RLB tender price forecast said establishment of ‘non-standard’ approaches could favour larger firms

Risk averse bidding strategies adopted during the pandemic have persisted and could become the industry norm, RLB has suggested.

‘Non-standard’ practices developed between client and contractor teams to offset the risks of soaring input costs during and after covid appear to have changed the world of procurement, the consultant said in its latest tender price forecast.

The persistence of the approaches appears to be a response to the ‘sticky’ inflation which is keeping construction prices high, while borrowing costs continue to increase as the Bank of England raises interest rates, the report found.

Despite some individual falls in material prices, including timber and steel, which both dropped by around 20% in the year to May 2023, inflationary pressures continue to impact contractors with an overall increase of 1% in the period.


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RLB said tender prices will yo-yo in the coming few years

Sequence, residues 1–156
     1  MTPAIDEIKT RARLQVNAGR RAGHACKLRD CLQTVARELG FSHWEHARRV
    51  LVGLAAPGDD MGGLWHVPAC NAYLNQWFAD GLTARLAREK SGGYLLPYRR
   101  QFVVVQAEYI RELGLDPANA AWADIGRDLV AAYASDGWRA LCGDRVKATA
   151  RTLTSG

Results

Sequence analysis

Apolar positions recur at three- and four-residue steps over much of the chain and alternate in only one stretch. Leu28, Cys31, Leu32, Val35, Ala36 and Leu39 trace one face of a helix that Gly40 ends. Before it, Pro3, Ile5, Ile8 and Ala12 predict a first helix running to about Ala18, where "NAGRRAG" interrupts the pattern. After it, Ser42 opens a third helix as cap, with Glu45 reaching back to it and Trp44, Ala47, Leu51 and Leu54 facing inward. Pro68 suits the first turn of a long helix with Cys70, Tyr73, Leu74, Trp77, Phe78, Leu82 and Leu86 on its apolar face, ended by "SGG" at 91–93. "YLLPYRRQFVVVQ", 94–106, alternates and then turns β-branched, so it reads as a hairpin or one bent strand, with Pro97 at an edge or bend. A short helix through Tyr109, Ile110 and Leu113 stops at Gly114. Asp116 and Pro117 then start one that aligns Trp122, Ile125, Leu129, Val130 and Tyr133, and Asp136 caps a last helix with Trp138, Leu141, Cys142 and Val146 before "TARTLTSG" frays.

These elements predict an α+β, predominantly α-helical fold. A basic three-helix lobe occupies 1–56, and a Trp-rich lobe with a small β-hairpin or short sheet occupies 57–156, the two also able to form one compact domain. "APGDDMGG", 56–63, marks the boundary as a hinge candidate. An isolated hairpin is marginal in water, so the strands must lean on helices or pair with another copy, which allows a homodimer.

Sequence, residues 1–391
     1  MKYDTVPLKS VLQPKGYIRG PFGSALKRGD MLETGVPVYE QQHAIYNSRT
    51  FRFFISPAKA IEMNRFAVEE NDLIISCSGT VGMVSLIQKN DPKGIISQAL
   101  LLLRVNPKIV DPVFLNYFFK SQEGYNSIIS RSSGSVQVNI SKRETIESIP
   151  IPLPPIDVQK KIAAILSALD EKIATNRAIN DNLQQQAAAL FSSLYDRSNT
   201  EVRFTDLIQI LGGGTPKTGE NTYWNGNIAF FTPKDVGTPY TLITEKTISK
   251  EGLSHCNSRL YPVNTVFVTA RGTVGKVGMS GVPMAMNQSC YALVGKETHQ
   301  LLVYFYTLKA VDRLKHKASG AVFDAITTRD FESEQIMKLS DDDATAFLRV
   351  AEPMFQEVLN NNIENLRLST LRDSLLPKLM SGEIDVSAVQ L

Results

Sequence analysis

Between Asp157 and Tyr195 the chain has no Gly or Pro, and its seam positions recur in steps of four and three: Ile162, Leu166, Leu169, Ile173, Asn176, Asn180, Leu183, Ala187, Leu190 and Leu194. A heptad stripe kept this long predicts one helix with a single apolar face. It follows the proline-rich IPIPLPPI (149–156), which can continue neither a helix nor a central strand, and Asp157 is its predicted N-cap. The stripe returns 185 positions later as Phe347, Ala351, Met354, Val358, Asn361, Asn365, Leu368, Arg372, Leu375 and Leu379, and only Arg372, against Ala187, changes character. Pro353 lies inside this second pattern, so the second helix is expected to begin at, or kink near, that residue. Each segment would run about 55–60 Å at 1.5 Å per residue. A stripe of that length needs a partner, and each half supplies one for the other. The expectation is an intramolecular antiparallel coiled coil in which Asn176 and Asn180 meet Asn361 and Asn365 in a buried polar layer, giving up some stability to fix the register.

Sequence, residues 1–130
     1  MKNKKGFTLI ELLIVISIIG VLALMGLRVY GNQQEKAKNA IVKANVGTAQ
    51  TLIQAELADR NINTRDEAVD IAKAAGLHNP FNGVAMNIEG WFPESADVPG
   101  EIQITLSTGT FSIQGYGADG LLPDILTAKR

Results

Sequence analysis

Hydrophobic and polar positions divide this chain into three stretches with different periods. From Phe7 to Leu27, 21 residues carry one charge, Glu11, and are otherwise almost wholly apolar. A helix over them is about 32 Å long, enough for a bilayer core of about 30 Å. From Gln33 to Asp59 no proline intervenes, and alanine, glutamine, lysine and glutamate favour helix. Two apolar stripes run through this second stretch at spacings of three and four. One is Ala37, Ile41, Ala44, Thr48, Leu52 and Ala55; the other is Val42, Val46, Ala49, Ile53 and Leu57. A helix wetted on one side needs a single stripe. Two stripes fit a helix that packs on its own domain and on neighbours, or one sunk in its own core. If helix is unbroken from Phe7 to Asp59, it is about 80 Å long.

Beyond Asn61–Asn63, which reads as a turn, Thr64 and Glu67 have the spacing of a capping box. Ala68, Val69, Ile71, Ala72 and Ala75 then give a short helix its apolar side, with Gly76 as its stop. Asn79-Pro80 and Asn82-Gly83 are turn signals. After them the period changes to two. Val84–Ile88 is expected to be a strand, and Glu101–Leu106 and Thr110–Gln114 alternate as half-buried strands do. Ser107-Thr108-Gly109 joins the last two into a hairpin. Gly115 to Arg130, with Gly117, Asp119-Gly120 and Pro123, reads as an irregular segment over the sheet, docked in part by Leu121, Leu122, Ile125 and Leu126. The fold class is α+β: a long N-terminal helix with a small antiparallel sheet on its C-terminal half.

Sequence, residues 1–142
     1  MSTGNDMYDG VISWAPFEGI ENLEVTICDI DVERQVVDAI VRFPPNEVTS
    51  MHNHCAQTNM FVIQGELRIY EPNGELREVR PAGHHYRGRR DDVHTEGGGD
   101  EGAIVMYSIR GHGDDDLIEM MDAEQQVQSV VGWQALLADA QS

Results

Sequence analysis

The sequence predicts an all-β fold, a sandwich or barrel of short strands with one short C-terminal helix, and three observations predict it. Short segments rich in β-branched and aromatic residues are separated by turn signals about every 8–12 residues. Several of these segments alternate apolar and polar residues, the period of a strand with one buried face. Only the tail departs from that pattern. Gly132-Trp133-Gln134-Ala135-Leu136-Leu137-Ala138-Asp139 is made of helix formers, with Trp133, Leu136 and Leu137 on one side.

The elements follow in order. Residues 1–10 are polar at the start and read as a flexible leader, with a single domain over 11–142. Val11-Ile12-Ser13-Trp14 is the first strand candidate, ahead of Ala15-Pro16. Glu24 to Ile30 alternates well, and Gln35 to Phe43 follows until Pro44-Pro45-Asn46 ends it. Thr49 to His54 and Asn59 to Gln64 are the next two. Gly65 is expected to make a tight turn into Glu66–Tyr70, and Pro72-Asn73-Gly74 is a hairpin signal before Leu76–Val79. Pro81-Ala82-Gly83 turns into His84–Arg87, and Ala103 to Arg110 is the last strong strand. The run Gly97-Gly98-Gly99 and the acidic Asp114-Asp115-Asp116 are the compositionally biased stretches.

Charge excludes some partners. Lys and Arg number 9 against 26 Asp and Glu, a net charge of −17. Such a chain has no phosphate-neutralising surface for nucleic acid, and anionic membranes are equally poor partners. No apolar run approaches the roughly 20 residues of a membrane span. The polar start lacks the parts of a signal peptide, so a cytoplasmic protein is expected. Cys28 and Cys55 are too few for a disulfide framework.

RLB said the more sophisticated bidding strategies could favour larger contractors and sub-contractors with more internal procurement expertise, giving rise to further exacerbation of differentials between contractor tiers.

“Although covid’s effects have seemed to have been resolved, the principles espoused live on in risk-averse bidding strategies and so encourage clients’ design teams to continue to develop ‘non-standard’ procurement solutions,” the consultant said. 

“Medium to long-term of course, ‘non-standard’ becomes ‘standard’, and then the world of project procurement will have changed as the shifts in approach will have become embedded and drive a more sophisticated approach to pre-contract dealings.”

The report forecast tender prices rising by 3.8% this year before the rate slows to 3.06% next year, and then edging up slightly to 3.24% in 2025 and levelling off at 3.01% in 2026.

Regionally, the sharpest rises are expected in Yorkshire and the North-east, peaking in 2025 at around 5% and 4.5% respectively, while the lowest is forecast in the South-west with price rises slowing to 2%.

The forecast is slightly higher than the one published by Linesight last month, which predicted a 3% rise this year and 2.75% for the following two years.

It is also higher than Mace’s tender price forecast from June, which said prices would rise by 3% in London and 3.5% for the rest of the UK in 2023, and to rise by between 2% and 3.5% every year between now and 2027.